30 August 2008

You can be alerted of failed builds in Team Foundation Server 2008

In Team Foundation Server 2008 you can configure a project alert that sends an alert to your email address when a build completes. This is a very useful if a build fails, but if you enabled continuous integration your inbox will probably contain many alerts of successful builds. The out-of-the-box functionality for configuring alerts is very limited, but luckily Microsoft has released Visual Studio Team System 2008 Team Foundation Server Power Tools which is an add-on to Visual Studio 2008.
One of the tools in this package is called Alert Editor, and it lets you subscribe to build faults in a few simple steps:
  1. Select “Alerts Editor…” from the “Team” menu.
  2. Click “New” on the toolbar to create a new alert.
  3. Select “Failed builds” from the “Build Alerts” sub group, and click OK.
    New Alert
  4. You might have to enter you e-mail address in the Send To field if Team Foundation Server can’t resolve your name.Alert Editor
    This alert has a filter that only sends an alert if StatusCode is not Succeded. If you already has an alert, you can add this clause to your existing alert definition.
  5. Select another alert or close the window to save the changes before testing the alert.
As you see in the previous window, the Alerts Editor is very powerful and you have much more control over your alerts than by only using the standard functionality in Team Foundation Server.

Update: Thanks to TerrenceJ in my comments for recommending an improved filter.

28 August 2008

You can create a windows service in a few minutes

At today's Norwegian .NET User Group (NNUG) meeting in Trondheim, I gave a short zip talk about windows services. I didn't pretend to give a thorough discussion about the ins and outs of windows services, but showed the steps necessary to create a project and install and run the service. I did however talk about some of my own experiences, and focused on the importance of threading and exception handling.

If you're a member of NNUG you can log in and download my simple demo from the following web page:
http://nnug.no/Avdelinger/Trondheim/Moter/NNUG-Trondheim---28-august-2008/

27 August 2008

I created this blog to share things that I think is cool and interesting

This is my second post, and first of all I just want to say thank you for subscribing.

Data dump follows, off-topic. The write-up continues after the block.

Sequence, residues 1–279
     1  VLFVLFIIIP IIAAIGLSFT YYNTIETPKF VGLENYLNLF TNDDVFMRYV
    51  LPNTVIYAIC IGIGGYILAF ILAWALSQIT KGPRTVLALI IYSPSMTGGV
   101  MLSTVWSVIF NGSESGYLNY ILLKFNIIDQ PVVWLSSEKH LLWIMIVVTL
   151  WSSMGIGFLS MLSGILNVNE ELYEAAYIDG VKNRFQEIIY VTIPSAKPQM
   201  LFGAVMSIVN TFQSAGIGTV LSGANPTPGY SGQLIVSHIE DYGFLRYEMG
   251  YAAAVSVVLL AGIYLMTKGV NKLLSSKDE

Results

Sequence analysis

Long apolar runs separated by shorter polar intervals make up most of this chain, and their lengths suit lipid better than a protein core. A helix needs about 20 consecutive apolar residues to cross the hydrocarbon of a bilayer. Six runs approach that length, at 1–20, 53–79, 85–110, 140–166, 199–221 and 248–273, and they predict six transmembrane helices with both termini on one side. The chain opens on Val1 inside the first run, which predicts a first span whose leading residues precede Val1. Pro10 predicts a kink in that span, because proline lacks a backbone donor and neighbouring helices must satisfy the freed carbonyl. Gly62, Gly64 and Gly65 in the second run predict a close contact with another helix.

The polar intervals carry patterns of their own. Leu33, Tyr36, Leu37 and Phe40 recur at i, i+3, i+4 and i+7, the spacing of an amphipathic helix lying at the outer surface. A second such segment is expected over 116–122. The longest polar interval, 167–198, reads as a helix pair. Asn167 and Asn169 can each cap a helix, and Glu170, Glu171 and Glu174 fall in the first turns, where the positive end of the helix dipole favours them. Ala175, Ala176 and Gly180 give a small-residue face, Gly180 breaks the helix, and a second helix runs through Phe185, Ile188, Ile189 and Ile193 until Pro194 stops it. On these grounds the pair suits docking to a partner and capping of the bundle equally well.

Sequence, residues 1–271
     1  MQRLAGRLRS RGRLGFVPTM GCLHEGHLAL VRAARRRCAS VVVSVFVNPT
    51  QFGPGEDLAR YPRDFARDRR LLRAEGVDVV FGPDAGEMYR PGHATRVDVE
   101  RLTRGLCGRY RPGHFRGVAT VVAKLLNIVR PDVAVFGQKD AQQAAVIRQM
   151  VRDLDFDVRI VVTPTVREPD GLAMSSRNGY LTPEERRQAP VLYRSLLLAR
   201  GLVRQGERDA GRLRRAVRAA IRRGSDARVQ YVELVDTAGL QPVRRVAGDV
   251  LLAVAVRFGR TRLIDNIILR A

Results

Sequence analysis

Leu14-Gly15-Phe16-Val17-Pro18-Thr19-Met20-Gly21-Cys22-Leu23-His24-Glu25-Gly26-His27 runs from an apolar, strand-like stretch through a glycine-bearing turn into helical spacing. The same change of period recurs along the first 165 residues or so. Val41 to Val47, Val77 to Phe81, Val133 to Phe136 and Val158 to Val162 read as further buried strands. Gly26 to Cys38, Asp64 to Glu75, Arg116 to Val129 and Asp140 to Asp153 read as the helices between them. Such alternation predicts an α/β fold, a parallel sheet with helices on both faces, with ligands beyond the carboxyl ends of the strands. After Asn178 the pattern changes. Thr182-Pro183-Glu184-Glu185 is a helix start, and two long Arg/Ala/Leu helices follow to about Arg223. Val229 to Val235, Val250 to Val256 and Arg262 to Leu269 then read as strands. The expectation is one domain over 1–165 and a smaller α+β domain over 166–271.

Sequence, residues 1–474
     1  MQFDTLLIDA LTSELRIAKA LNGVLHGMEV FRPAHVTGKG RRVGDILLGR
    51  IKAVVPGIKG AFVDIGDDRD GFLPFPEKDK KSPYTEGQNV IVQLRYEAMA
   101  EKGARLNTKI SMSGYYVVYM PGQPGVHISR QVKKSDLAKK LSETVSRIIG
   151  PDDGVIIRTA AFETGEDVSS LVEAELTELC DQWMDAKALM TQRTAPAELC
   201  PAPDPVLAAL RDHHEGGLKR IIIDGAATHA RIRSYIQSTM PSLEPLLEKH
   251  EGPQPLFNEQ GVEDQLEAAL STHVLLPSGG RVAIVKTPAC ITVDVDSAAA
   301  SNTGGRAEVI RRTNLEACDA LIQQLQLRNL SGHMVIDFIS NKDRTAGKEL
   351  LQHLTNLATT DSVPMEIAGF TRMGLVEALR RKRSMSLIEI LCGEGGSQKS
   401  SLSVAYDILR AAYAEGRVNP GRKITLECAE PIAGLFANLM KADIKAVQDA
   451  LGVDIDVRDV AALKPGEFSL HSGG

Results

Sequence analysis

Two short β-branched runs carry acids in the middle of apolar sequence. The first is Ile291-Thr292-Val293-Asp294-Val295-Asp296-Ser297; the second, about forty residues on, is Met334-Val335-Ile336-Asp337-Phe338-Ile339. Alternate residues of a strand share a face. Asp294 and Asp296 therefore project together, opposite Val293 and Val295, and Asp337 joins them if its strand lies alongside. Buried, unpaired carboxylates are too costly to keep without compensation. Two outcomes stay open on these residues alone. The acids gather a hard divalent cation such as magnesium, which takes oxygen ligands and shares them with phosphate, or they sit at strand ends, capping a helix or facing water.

To give you an idea of what to expect, I currently think that the contents of this blog will be about .NET and related technologies. My goal is to write short and informative posts from my own experience, and I hope you'll at least find some of them useful. I will try to avoid repeating information that can be found elsewhere, and instead focus on particular tips and tricks that I think is cool and interesting. I also want to share thoughts on other issues that is important to me, and this will hopefully make this blog more personal.

This is a test of embedding code on blogger.com
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You can create a blog in a couple of hours

I've been thinking of starting a blog for quite some time now, and I must say that it was much easier than I thought. I started by buying a domain name, and luckily I have a very rare name and joaroyen.com was still available. I bought the domain from GoDaddy, used Diggnation's promotional code, and for $35.75 I have the name for five years.

Next I did a search for blogging software, and landed pretty quickly on Blogger. The main reason is that I didn't want to do my own hosting right away, and Blogger seemed to have the features that suited my needs best. In addition, Blogger has very good documentation of how you can connect your own domain to your blog.

The last thing I set up was FeedBurner so that I can track traffic to this blog (thanks to the two of you that are reading this). In addition this gives me better flexibility if I want to switch to another blogging software in the future.